So, brethren! God's greatest gift to us, like all His other gifts, has in it the quality of testing us; and we can come to a pretty fair approximation to an estimate of what sort of Christian people we are, by observing how we deal with God's promises of help according to our need here and of heaven hereafter. How do we deal with them? Why, a sadly large number of us never think about them at all; and a large proportion of the others would a great deal rather stay working in the huckster's shop in the back alley, than go home to the King. I am quite sure that if the inmost sentiments of the bulk of professing Christians about a future life were dragged into light, these would be a revelation of a faith all honeycombed with insincerity. God tests us, and it is a sharp test if we submit ourselves to it; He tests us by His promises. 'Child, wilt thou believe?' is the first testing question put to us by these. 'Wilt thou keep them hid in thy heart?' is the next. 'Wilt thou go out towards them in desire?' is the next. 'Wilt thou live worthy of them?' is the last. 'The word of the Lord tried him.'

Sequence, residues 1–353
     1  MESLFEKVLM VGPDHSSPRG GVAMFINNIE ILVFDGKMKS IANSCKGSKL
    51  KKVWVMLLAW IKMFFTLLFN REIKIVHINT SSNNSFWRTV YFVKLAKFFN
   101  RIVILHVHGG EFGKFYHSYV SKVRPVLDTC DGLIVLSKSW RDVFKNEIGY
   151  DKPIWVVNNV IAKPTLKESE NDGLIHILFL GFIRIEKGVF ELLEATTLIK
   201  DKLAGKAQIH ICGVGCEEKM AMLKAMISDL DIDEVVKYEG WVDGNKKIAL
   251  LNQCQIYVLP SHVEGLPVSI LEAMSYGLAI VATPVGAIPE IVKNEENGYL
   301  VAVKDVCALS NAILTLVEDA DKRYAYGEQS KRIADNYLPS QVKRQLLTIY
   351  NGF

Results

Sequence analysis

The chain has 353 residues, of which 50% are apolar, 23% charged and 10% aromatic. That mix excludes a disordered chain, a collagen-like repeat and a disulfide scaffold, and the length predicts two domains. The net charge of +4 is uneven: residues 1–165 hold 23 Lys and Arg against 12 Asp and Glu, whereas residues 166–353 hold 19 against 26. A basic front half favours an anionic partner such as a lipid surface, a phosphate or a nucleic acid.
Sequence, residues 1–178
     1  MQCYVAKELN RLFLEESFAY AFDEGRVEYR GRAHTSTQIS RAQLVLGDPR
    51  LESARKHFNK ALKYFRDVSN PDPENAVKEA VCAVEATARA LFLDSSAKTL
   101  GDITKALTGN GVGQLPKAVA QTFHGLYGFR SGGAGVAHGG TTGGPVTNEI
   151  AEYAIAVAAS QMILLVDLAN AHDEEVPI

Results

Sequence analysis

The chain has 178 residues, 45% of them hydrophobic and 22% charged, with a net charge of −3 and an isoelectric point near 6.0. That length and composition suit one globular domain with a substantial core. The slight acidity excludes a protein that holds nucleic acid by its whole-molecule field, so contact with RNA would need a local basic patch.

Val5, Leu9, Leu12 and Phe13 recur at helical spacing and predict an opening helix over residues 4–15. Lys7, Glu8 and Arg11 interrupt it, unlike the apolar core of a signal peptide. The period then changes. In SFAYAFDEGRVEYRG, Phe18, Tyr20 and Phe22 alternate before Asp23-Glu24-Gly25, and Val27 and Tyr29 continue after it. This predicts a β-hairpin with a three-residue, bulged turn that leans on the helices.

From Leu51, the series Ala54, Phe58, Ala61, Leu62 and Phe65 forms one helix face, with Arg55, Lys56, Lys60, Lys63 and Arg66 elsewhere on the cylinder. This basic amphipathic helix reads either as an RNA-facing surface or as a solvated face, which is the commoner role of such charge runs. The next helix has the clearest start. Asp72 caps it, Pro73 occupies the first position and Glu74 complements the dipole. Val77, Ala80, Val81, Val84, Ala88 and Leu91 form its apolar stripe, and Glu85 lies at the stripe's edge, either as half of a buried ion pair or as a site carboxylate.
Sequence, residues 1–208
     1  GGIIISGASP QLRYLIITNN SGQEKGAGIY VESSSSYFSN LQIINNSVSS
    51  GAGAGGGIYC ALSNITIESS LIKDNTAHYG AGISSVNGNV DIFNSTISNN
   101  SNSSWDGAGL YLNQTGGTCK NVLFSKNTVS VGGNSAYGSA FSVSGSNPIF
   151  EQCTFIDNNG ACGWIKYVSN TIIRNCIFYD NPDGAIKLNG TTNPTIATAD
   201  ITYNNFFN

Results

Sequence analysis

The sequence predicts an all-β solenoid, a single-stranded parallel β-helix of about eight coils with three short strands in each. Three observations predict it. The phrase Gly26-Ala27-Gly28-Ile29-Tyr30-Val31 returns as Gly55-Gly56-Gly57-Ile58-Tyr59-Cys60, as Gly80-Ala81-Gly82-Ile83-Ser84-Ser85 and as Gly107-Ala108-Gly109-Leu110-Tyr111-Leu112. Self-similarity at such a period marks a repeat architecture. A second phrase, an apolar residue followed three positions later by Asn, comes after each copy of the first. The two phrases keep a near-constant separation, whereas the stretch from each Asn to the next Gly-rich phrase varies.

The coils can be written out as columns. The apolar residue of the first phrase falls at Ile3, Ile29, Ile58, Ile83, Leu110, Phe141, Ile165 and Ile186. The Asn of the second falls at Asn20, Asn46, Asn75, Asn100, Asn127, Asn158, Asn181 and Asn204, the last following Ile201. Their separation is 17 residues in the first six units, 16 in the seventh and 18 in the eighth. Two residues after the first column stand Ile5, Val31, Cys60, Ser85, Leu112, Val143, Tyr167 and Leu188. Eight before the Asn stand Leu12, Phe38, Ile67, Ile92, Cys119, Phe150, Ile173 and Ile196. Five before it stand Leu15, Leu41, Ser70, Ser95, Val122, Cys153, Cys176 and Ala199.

So let us be thankful for the delays of love, for the wide gap between promise and realisation. It was for Joseph's sake that the slow years were multiplied between the first gleam of his future and the full sunshine of his exaltation. And it is for our sakes that God in like manner protracts the period of anticipation and non-fulfilment. 'If the vision tarry, wait for it.' 'Jesus loved Mary and Martha and Lazarus their brother' very dearly. 'When He heard, therefore, that he was sick, He abode still two days' -- to give time for Lazarus to die -- 'in the same place where He was.' Ay, and when each sister came to Him with her most natural and yet most faithless 'Lord! if Thou hadst been here my brother had not died,' He only said, 'If thou wouldst believe thou shouldst see the glory of God.' Was not Lazarus dearer, restored from the grave, than he would have been, raised from his sickbed? Is not the delaying of the blessing a means of increase of the blessing? And shall not we be sure that however long 'He that shall come' may seem to tarry ere He comes, when He has come they who have waited for His coming more than they that watch for the morning and have sometimes been ready to cry out: 'Hath the Lord forgotten? Doth His promise fail for ever more?' will be ashamed of their impatient moments and will humbly and thankfully exclaim: 'He came at the very right time and did not tarry.' 'Until the time that his word came, the word of the Lord tried him,' and the coming of that word was all the more blessed for every heavy-laden hour of hope deferred, which, by God's grace, did not make the heart sick, but prepared it for fuller possession of the blessings enhanced by the delays of love.